Semiahmoo Fish & Game Club members are to vote this weekend on a proposed agreement to donate its property – home to a hatchery, gun and archery range and more – to the City of Surrey.
The move, board officials said this week, is prompted by financial difficulties.
“It’s a business situation,” vice-president Ron Meadley told Peace Arch News Tuesday (March 16), of consideration being given to transferring the 1284 184 St. site that the group has been stewards of since the late ’70s.
“We’re having financial projections of a severe shortage of funds. We’re having to look at alternatives.”
Noting he couldn’t get into specifics ahead of the vote – set to be held March 21 during a virtual special general membership meeting – Meadley said the move is not one that’s being made lightly.
Club president Bob Donnelly agreed, citing challenges including increased operating costs, reduced revenue and a backlog of repairs that are beyond the ability of the club to finance.
“We would all like things to continue as they have over the past 65 years but the reality is the cost of maintaining our extensive facilities and the 29 acre property is beyond our capacity,” Donnelly said by email. “Our heart says one thing but our head says another.”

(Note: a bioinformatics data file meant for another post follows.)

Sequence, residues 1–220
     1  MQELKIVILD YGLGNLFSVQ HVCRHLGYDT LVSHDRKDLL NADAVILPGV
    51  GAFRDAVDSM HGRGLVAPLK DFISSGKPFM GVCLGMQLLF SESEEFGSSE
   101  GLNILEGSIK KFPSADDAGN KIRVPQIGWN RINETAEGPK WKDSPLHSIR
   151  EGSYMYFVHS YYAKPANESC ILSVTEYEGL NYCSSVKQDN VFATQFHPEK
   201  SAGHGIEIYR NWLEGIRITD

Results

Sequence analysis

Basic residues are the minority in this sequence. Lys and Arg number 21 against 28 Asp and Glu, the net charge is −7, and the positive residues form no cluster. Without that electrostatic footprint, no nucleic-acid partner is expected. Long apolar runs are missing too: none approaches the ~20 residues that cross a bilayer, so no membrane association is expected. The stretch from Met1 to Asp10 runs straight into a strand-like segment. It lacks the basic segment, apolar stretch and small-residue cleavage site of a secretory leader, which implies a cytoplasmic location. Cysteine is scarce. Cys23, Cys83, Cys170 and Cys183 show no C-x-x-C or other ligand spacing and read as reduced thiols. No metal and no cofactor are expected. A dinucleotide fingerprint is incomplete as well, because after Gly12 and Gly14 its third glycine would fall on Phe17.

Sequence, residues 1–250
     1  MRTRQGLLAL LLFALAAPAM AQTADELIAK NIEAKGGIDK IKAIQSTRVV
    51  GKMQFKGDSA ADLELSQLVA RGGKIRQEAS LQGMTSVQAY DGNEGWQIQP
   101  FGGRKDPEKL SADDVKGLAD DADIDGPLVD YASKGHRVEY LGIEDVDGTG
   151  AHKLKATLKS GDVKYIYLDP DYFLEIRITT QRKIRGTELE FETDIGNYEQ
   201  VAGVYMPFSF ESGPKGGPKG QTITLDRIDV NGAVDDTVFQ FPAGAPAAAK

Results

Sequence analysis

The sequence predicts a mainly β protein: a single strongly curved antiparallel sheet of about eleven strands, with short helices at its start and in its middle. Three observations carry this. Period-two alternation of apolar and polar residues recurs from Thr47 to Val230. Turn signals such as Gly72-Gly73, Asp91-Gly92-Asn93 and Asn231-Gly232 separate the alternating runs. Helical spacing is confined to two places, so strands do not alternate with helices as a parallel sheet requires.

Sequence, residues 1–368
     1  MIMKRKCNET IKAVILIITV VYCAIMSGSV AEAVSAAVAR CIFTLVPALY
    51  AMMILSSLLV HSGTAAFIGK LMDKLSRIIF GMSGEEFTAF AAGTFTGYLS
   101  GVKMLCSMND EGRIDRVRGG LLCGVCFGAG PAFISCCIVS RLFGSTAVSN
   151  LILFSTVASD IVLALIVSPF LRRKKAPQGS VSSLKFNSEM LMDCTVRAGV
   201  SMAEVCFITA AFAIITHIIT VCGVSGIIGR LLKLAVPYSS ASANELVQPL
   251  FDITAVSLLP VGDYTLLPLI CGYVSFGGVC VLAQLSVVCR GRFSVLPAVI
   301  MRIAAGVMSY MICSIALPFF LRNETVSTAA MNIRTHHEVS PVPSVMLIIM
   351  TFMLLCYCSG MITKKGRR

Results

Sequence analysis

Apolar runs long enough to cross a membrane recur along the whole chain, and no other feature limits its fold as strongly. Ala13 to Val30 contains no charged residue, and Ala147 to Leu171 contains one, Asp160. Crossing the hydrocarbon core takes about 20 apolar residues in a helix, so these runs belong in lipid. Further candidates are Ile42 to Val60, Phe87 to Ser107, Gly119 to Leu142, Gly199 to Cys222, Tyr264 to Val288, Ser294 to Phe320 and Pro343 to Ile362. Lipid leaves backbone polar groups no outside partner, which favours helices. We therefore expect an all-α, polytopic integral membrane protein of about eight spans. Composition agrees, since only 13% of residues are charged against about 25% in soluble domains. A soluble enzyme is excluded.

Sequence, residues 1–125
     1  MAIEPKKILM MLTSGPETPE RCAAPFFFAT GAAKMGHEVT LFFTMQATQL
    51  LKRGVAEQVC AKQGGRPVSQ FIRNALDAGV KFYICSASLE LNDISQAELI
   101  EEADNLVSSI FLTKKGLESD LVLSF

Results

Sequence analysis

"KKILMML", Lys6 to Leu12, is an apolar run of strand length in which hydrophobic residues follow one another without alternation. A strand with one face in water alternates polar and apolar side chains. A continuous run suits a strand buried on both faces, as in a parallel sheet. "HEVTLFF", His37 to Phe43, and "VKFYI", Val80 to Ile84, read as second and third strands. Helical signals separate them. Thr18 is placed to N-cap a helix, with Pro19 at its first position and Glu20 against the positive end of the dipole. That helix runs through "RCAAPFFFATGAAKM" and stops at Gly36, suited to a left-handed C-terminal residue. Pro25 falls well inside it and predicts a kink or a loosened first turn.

Not everyone agrees with the proposal, however.
PAN was first contacted last fall, and again this week, by members concerned, among other things, about the impact to longtime user groups, and that the step is being pushed through. They also claim that not enough consultation was done, and that other alternatives presented by members were dismissed. None, however, wished to speak publicly, citing fear of retribution.
City of Surrey officials on Monday said only that “there are no details for us to release at this point.”
A notice sent to club members regarding Sunday’s meeting said the proposed transfer “represents by far, the best option for the Club regarding its future.”
“It would preserve the real assets for community use, while ensuring that all the activities which currently take place at the Club can continue….”
Donnelly said the membership was updated on the state of the financial situation in September 2019. At that time, he said, a motion was made to approach the city about receiving the property as a biodiversity park, with conditions including that existing club programs be allowed to continue and the city take financial responsibility for the ongoing operations, Donnelly said.
Sunday’s vote requires a two-thirds majority to pass.
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